David Shelton with Vincent Valdez’s "The Strangest Fruit 2," 2013. (Courtesy Rodrigo Valenzuela)
Rodrigo Valenzuela’s "Animita #1," 2016, at David Shelton Gallery. (Courtesy the artist and David Shelton Gallery)
“The new, larger space allows us to expand our programming and mount more robust and unexpected presentations,” says David Shelton, whose arrival in town nearly four years ago marked the most significant addition to Houston’s gallery scene in the past decade. With stints at Nina Ricci, Max Factor and Netscape in, respectively, NY, L.A. and San Francisco, as well as significant time in San Antonio, where he incubated a gallery known for its risk taking and intelligent dialogue, Shelton took a leap of faith this spring and moved from smallish digs in Isabella Court to one of 4411 Montrose’s anchor spaces (originally occupied by Wade Wilson, before his move to Santa Fe).
Recently on view was Dallas-based Stephen Lapthisophon’s commentary upon the beauty of natural materials and the passage of time, somber paintings flavored with ingredients that could be from a chef’s kitchen — from turmeric and cinnamon to paprika and dill, as well as traditional oil stick and charcoal. Now up: one of the most watched talents in Shelton’s stable, MFAH Core Fellow Rodrigo Valenzuela, in conjunction with FotoFest, presenting an amalgamation of architecture, photography and installation that addresses a new topic for the artist: the concept of roadside shrines (through April 16).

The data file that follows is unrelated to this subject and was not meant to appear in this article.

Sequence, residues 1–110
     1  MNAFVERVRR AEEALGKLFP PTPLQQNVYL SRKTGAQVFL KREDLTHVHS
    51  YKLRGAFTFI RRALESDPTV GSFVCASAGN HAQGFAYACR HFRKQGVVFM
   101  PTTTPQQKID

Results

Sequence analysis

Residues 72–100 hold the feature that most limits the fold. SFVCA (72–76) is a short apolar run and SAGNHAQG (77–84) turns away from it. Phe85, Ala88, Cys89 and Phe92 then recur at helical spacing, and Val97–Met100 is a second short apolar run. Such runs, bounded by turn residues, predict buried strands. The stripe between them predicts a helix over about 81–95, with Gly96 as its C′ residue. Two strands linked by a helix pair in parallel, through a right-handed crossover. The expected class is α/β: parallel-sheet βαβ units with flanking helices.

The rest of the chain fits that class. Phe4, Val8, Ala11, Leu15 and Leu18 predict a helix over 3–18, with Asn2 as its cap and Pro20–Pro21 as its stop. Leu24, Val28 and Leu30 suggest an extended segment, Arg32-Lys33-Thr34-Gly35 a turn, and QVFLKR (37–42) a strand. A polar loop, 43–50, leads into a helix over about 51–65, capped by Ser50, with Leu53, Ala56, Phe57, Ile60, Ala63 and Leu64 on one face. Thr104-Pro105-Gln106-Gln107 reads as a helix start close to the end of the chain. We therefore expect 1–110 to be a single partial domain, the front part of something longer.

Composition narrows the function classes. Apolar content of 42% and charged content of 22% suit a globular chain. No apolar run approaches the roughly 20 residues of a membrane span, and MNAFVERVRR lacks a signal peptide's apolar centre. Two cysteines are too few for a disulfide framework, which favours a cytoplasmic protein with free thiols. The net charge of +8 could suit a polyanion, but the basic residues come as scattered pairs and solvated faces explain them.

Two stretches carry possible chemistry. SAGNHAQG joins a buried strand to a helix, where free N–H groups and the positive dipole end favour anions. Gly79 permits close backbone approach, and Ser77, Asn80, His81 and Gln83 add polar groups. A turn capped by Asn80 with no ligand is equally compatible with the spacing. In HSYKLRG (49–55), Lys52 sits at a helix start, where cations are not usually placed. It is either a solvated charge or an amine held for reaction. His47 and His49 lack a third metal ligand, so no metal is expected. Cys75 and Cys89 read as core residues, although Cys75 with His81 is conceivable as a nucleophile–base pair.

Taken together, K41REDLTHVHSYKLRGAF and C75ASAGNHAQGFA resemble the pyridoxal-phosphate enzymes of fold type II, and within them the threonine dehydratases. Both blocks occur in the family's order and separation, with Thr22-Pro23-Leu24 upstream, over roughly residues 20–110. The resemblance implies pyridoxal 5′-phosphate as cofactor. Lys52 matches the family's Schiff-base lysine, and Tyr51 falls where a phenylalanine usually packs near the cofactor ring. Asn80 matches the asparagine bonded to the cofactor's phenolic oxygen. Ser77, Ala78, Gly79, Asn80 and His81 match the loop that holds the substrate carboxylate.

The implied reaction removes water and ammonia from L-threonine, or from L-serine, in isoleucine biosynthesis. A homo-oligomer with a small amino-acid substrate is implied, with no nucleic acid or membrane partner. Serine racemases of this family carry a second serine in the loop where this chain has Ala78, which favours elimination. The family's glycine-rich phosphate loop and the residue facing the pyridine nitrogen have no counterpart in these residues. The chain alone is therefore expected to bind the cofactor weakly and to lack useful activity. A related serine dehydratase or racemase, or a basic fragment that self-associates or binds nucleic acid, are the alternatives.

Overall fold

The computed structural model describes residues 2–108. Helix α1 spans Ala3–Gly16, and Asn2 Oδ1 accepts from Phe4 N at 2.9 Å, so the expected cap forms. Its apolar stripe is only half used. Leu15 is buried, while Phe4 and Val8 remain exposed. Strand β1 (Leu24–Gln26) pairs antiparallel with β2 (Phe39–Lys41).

Post-Valenzuela, Shelton presents Pop-feminist collagist Kelly O’Connor, then adroit abstract painter Jonathan Faber, recipient of a Pollock Krasner Fellowship. But it’s September’s lineup that has collectors already lining up, with a solo planned for the master of graphite, grisaille and gravitas, Vincent Valdez. The San Antonio-based, Rhode Island School of Design-educated talent is at work on a series based on the Ku Klux Klan; The New York Times just did a studio visit and penned a profile, but not for the art section — for its election-year coverage, underscoring that Valdez’s work addresses subjects that are more profound than the art market.
David Shelton Gallery, 4411 Montrose Blvd., 713.393.7319